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Hurricane Sandy Exacts Toll on Printers As Well

November 2, 2012
PHILADELPHIA—The latest Storm of the Century, Hurricane Sandy, unleashed a fury of destruction on the New Jersey shore and New York City, claiming the lives of roughly 100 people, leaving millions without power and, for many, leaving homes and businesses in ruins.

While it is too early to speculate on the total degree of impact suffered by the printing community, Printing Impressions was able to touch base with a number of businesses with facilities in the areas hardest hit by the storm. More information on their statuses will be provided as it becomes available.

"I've talked to about a half-dozen companies affected," said Tim Freeman, president of Printing Industries Alliance (PIA), the affiliate which serves the New York/North Jersey region, hit hardest by Sandy. "The ones were not hearing from have been hit bad. A couple of companies lost power, one had its roof blown off and has water damage."

PIA sent out a letter to membership on Friday, but with mail delivery an uncertainty in the heaviest impacted regions, it has been included here as a courtesy. The affiliate is offering services from placing work to dealing with insurance companies, getting assistance from the federal government. Help is being offered to PIA members and non-members alike.

"We've gotten responses from printers around the country, offering help," Freeman notes. "We'll do what we can."

Earthcolor, based in Parsippany, NJ, is operating with minimal difficulty. As of Thursday, the Cedar Graphics' New York location and two of EarthThebault’s three New Jersey facilities are open. The Ronkonkoma, Parsippany (Pomeroy) and Moonachie locations all have power and are in operation. The Parsippany (Walsh) facility is without power. 

"If you currently have work within this location, rest assured that EarthColor has instituted its disaster recovery plan and you will be notified by our team regarding your project and timelines," the company said on its Website.

Philadelphia-based Bartash didn't suffer any technical or power issues, according to Eric Roberts, director of sales.

"We arranged for hotel rooms for employees and we ran this 24/7 business as best as we could," Roberts said. "We produce publications throughout the East Coast and it was our customers that really had the bigger challenge, and hardest hit was the New Jersey coastline.

"Many of our coastal pubs had flooded production facilities. On this side of print manufacturing, we measure the deadlines in hours, not days. Every minute of press time was even more critical, because of many large publications juggling their schedule through a genuine crisis. We had a challenging week, but I will say that our preparedness was a comfort to our customers and to ourselves."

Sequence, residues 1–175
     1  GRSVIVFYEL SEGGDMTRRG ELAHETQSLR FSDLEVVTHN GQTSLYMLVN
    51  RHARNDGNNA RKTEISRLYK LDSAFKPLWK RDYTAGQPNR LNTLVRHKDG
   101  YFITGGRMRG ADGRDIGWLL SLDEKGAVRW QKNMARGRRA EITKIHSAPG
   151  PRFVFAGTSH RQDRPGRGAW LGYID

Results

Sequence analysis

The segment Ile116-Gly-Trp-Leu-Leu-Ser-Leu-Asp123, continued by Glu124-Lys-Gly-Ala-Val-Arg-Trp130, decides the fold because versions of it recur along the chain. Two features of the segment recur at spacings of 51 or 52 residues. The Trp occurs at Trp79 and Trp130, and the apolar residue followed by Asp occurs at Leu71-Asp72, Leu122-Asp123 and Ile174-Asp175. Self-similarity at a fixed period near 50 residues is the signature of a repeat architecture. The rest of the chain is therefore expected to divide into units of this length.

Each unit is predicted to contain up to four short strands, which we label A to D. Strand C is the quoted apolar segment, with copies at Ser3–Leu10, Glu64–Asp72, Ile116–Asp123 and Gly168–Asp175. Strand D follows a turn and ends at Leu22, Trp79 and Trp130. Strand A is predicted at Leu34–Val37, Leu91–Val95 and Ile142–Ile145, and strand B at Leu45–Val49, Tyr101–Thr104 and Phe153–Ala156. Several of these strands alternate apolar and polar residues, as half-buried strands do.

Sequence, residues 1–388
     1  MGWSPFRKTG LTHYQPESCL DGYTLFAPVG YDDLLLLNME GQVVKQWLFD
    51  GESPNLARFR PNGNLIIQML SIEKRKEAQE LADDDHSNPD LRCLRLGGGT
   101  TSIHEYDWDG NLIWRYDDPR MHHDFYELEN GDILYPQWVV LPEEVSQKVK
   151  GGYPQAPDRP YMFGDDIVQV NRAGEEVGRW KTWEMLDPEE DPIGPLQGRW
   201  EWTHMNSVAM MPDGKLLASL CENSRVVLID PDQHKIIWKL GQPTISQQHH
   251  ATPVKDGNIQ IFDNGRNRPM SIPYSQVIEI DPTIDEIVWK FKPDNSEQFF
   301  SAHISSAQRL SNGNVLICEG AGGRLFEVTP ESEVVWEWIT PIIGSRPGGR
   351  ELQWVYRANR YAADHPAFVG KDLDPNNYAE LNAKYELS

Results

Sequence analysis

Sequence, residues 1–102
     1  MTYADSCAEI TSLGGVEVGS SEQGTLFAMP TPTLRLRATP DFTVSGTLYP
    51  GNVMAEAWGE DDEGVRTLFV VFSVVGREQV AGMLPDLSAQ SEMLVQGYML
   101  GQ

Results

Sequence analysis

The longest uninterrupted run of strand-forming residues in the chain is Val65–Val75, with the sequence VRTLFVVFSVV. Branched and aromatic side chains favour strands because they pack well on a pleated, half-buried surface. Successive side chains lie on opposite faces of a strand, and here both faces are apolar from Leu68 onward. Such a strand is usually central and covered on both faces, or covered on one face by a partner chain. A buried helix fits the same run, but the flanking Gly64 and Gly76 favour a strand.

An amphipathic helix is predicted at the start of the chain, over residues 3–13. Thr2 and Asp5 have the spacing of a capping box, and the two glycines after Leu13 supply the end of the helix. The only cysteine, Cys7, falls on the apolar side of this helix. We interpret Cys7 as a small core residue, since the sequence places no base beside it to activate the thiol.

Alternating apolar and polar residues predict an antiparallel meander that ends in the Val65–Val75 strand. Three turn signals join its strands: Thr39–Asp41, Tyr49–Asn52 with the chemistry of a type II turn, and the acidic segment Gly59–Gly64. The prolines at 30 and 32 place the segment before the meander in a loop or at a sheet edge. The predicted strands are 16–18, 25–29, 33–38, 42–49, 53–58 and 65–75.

Roberts added that while no printers contacted Bartash for assistance, a number of publishers reached out to them because their print providers were incapacitated. rerouted the work from its Newark, NJ, facility to its plant in Memphis, TN, notes Anthony Zaccone, marketing manager. The Newark branch resumed production on Wednesday.

On the manufacturing side, Agfa Graphics reported that all three of its East Coast facilities were unharmed. "Our plate manufacturing facility in Branchburg, NJ, did not experience any structural damage to the plant or its substations. We are working with JCP&L to restore electricity to this site and estimate it will come online shortly," President Peter Wilkens said in an e-mail to customers.

Agfa's Customer Care Center in Elmwood Park, NJ, is experiencing some system limitations, and calls are being rerouted to centers in Chicago and Los Angeles. Wilkens also noted that product delivery may experience a backlog but that Agfa is working to ensure goods are delivered in as timely a manner as possible.

Graphic Art System/Eagle Systems of Ocean, NJ, reported that while the Eagle factory escaped damage both inside and out, the community has not fared as well. "The area where our factory is located is looking like a war zone and is shut down by the authorities," Mike King, company president, said in an e-mail to customers. "There is no power and we don't expect power until sometime next week. Our employees have all reported in safe with their families and are also dealing with their own personal devastation as well."

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